The cost-effectiveness estimate provided in the base-case model of PST services for all self-reported PCN allergic patients with MSSA bacteremia was well below generally accepted cost-effectiveness thresholds and actually estimated to be cost-saving. Considering potential inpatient and outpatient health sector costs over a 1-year time horizon, PST services provide a dominant strategy in that better health outcomes are achieved for less money when compared to treatment decisions assuming the patient has a true PCN allergy. Our one-way sensitivity analysis of PST implementation costs demonstrates that the service would remain dominant up until it reaches a $960 price point. Once the total cost to purchase the supplies and provide the service exceeds $960, the cost-benefit determination would vary based on individual payer willingness-to-pay thresholds for a QALY. This is an important point for institutions evaluating the decision to provide more routine PST services considering the variability of implementation strategies could influence the total cost of implementation.[13, 24–26] Interventions are generally viewed as cost-effective when they fall below thresholds such as $50,000/QALY, $100,000/QALY, or $150,000/QALY. In this case, costs of the intervention may be increased substantially and may still be acceptable to payers based on QALYs gained in this short-term model.
Several studies have suggested de-labeling patients of PCN allergy through confirmatory testing may optimize antibiotic therapy by reducing the use of broad spectrum agents and overall antibiotic costs as many beta-lactams are typically less expensive agents.[13, 16, 25, 34–36] In 2015, Blumenthal et al. simulated clinical outcomes of patients with MSSA bacteremia and a self-reported PCN allergy arguing a full allergy evaluation with skin testing yields the highest rate of clinical cure and lowest MSSA recurrence. This study expands on the model presented by Blumenthal and colleagues to demonstrate the potential financial impact of implementing PST services in this population. Focusing on MSSA bacteremia over all patients receiving an inpatient antibiotic reduces the variability of patients, comorbidities, and treatment options to increase the internal validity of the PST evaluation. Additional research in broader populations may be warranted to determine whether PST services should be offered to any patient presenting with a PCN allergy on admission or whether confirmatory testing should be the standard in outpatient care.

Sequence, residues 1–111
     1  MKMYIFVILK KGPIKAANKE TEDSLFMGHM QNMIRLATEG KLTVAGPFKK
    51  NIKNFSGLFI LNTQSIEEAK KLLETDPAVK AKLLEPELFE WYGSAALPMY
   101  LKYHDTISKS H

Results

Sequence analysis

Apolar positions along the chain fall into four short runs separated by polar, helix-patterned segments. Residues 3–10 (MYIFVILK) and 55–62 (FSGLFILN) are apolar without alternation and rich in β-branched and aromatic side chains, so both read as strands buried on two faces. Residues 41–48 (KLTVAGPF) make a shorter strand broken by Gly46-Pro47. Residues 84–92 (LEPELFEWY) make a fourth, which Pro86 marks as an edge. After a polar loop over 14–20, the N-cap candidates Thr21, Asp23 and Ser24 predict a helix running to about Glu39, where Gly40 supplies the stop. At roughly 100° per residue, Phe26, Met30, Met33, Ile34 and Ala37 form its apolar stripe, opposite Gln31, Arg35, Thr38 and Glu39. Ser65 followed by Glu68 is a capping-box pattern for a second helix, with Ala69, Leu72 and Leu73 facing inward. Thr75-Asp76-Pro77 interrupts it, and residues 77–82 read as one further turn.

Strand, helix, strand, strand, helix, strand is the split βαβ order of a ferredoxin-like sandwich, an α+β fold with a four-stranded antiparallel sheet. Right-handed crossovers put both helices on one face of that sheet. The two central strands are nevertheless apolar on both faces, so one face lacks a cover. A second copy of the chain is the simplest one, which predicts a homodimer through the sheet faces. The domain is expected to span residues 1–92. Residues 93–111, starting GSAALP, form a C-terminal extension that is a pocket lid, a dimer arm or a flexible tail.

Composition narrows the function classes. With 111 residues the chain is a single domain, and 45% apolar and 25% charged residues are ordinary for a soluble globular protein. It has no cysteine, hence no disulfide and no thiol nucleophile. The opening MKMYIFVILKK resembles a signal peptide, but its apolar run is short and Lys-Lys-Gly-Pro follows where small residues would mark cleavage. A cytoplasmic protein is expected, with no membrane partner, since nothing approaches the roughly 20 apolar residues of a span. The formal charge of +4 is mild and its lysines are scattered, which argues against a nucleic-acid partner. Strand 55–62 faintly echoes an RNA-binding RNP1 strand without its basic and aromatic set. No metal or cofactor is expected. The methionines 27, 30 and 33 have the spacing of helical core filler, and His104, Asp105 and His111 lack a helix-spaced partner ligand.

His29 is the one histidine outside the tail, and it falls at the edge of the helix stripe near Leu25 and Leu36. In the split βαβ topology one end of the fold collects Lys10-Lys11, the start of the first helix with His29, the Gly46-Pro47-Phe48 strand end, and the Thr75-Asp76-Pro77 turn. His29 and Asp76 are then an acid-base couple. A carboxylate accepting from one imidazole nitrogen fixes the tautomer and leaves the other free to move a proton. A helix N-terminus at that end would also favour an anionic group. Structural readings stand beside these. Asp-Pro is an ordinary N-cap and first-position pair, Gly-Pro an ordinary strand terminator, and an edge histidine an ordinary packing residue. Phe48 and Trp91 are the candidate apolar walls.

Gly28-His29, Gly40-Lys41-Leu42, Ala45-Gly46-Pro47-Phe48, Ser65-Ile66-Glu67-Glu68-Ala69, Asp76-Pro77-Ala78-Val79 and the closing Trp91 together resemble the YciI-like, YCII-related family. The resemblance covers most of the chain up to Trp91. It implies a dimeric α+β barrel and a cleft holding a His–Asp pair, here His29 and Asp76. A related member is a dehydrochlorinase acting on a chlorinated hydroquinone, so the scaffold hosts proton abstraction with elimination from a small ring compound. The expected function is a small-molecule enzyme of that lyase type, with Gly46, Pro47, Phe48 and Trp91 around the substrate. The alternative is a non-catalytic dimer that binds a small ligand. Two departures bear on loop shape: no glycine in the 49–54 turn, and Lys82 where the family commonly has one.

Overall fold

Confirming or removing a PCN allergy label while the patient is admitted helps guide the current treatment decision and has the potential to improve treatment decisions well beyond 1 year. However, we chose to model a single year to aid in payer decision-making as an insurance company may want to estimate the potential impact of paying for a new program in the current year. For patients within one health system, the medical record would reflect the PST results in perpetuity offering potential long-term implications from the one-time test. Providing a patient-friendly pocket card of the PST results may improve allergy history communication across systems but was not considered in this conservative model.
This study was also limited by its focus on the health sector costs. Future studies may consider additional costs important from the patient perspective which may include productivity losses from missed work, transportation to the hospital and clinic, and caregiver burden. Additionally, this study focuses on PST implementation in an acute care setting and does not consider the use of outpatient parenteral antimicrobial therapy or nafcillin use for bacteremia. The costs of providing PST services may be less expensive in the outpatient setting or as a part of more routine care. As an outpatient service, PST could be billed separately rather than being included within a capitated inpatient payment. The costs for patient receiving vancomycin only focused on the acquisition costs of the drugs and did not account for the therapeutic drug monitoring costs frequently observed while a patient is on therapy. Due to the variability of costs based on how drug monitoring practices are implemented, we relied on published cost estimates related antibiotic therapy only. Adding the costs of drug monitoring with vancomycin may increase the overall cost-effectiveness of PST services.
The probability estimates for MSSA treatment success were derived from other models that focused on effectiveness but did not consider costs. Additionally, in real world settings the prescribing physician may go ahead and prescribe cefazolin over vancomycin in cases without the confirmatory testing based on the patient’s history. Accounting for history-guided treatment with cefazolin in the no-PST arm may reduce the incremental cost-effectiveness of an “all PST” versus “no PST” comparison. This may support the argument for challenging PCN-allergic patients with a cephalosporin when risk of reaction is low and saving the PST expense altogether.
As a decision-tree, patient-level factors were not included other than the PCN-allergy label itself. Future analyses may consider different methods (e.g. discrete event simulation) to test the impact of other patient characteristics. The PSA replicated the model 1,000 times with evidence-based variability in the cost and effect inputs which resulted in 16% of the iterations determining PST services were not cost effective at a $50,000/QALY threshold. Decision-makers should be mindful that the overall cost-effectiveness results of PST services in a short-term model are sensitive to the underlying assumptions.
Beta-lactams are the gold-standard treatment selection for MSSA bacteremia, however, patients reporting a PCN allergy may receive sub-optimal alternative therapies such as vancomycin. The model conducted in this study identified that an inpatient PST service is cost-effective for patients with MSSA bacteremia.